The Ultimate Guide To Dark Spots And Hyperpigmentation
From sun spots to melasma and everything in between, we’re breaking down what you need to know about the most common pigmentation conditions and how to treat them.
Hyperpigmentation is a lively topic these days — and for good reason. From post-acne inflammation to age spots, there are so many different types of dark marks. As such, it can be difficult to identify exactly what kind of pigmentation you’re dealing with. And, from there, it may take some trial and error to figure out the best course of treatment for it. Here, we tapped three top dermatologists to talk about what exactly hyperpigmentation is, the difference between the various types, and how to deal with it in the best way for your skin type.
What Is Hyperpigmentation?
In simplest terms, “hyperpigmentation refers to darkening of the skin because of an accumulation of melanin,” says Joshua Zeichner, MD, a board certified dermatologist in New York City. While it looks different on everyone, very few are immune to unwanted pigmentation. “Hyperpigmentation is a common condition that many people, at all ages, suffer from,” says Paul Jarrod Frank, MD, a NYC-based board certified dermatologist, adding that the discoloration leads to an uneven skin tone that leaves many patients frustrated.
One cause of the frustration may be that it can be difficult to pin down exactly where the pigmentation is coming from. As Dr. Zeichner explains, there are many causes of hyperpigmentation and a variety of ways to help treat it. Very often, it’s the result of too much sun exposure. But the reality is that it can be caused by almost disruption to the skin, including acne, rashes, and even hormonal changes (think: pregnancy, birth control), Dr. Frank shares.
While an at-home skincare routine that includes daily sunscreen (a non-negotiable) and a smattering of brightening and exfoliating active ingredients can go a long way, hyperpigmentation often requires professional intervention. “It can be difficult to treat with at-home or over-the-counter remedies, especially for patients with stubborn and extensive situations,” Dr. Frank says. “However, the appearance of hyperpigmentation can often be greatly reduced by treatments available at dermatologists’ offices.”
Another important thing to know about hyperpigmentation? Treatment is rarely one and done. Pigmentation concerns tend to be ongoing and require a combination of at-home skincare and in-office treatments to manage. Patience and diligence are key, as is identifying exactly what type of hyperpigmentation you have…
Types of Hyperpigmentation
Since ‘hyperpigmentation’ is an umbrella term, it’s important to drill down a little further and figure out what is causing your dark spots. While there are some treatments that will work across types, others can actually make matters worse. Consulting with a board certified dermatologist is the best way to determine what type of hyperpigmentation you have and how to treat it, but below is a primer to kickstart your conversation:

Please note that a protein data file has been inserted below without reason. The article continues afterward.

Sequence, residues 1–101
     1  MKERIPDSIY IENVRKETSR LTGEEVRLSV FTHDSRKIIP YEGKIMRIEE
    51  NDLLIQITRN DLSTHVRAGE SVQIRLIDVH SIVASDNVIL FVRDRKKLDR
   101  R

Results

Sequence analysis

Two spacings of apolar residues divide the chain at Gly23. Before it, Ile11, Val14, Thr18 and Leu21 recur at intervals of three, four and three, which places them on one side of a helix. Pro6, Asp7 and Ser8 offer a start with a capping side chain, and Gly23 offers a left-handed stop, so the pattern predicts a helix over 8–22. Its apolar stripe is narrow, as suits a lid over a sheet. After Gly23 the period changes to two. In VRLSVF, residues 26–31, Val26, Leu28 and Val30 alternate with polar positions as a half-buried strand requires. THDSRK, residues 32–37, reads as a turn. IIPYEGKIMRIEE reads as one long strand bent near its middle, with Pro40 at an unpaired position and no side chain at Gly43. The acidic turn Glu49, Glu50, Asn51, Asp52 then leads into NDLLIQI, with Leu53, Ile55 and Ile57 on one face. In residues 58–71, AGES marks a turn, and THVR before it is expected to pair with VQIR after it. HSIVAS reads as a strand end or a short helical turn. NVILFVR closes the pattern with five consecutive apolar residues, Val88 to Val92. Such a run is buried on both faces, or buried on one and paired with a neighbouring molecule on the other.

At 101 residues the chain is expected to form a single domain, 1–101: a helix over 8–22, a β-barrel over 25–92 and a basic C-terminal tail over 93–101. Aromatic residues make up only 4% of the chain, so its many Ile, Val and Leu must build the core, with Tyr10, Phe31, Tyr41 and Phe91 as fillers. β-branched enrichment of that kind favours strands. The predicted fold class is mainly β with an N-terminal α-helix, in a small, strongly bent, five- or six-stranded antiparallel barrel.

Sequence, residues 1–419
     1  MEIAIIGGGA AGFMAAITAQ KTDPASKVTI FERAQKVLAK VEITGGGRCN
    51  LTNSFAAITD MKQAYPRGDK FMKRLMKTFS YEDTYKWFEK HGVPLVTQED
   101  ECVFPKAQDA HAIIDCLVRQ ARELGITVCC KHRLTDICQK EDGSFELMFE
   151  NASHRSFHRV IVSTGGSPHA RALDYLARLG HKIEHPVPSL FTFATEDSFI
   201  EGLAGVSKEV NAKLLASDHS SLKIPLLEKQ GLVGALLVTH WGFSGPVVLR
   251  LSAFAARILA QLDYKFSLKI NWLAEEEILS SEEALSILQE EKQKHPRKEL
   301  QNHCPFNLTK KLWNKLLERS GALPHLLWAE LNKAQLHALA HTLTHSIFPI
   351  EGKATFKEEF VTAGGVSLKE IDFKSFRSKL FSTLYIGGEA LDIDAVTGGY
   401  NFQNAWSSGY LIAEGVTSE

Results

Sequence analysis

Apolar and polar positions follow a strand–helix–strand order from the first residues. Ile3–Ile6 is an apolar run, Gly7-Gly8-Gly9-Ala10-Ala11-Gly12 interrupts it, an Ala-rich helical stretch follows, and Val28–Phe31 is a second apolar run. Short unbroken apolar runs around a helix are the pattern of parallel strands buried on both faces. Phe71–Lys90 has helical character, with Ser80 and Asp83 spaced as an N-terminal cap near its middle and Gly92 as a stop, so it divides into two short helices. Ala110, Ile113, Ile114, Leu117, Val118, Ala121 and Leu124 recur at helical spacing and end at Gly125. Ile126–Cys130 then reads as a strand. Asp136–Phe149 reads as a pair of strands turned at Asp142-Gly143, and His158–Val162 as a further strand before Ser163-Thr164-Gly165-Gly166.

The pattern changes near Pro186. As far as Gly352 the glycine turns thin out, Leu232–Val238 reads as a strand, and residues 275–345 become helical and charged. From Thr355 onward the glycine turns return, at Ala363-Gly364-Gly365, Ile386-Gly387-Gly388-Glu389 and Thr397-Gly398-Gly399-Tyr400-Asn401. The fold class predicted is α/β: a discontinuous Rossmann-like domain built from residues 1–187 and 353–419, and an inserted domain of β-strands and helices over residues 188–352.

1. Sun Spots
Whether you call them ‘sun spots,’ ‘liver spots,’ or ‘lentigines,’ these small, flat brown spots are caused by damaging ultraviolet (UV) rays. “Under the microscope, these spots actually show an increase in the number of the pigment producing cells,” Dr. Zeichner says. This is in contrast to freckles, “which have a normal number of pigment producing cells that are just overactive,” he adds. The common locations for this type of hyperpigmentation are the face, chest, arms, and hands, says Mona Gohara, MD, a board certified dermatologist in Hamden, CT. It’s also more likely to occur in light skin.
The fact of the matter is that it’s just about impossible to avoid sun spots. “If we lived in a bubble, we would never have these!” Dr. Gohara quips. To prevent this type of hyperpigmentation from cropping up uninvited, she recommends wearing a broad spectrum sunscreen with an SPF of 30 or higher and reapplying every two hours (or more often if swimming or sweating) “365 days a year, regardless of weather.”
The earlier you treat lentigines, the better. “Spots that have been present for extended periods of time often can only be treated effectively with lasers,” Dr. Zeichner says. But that doesn’t mean a solid skincare regimen doesn’t have value. Nighttime is the best time to use products and those to help with hyperpigmentation, such as retinoids and alpha hydroxy acids (AHAs). “These products will encourage cell turnover and leave the skin smooth and exfoliated,” Dr. Frank says.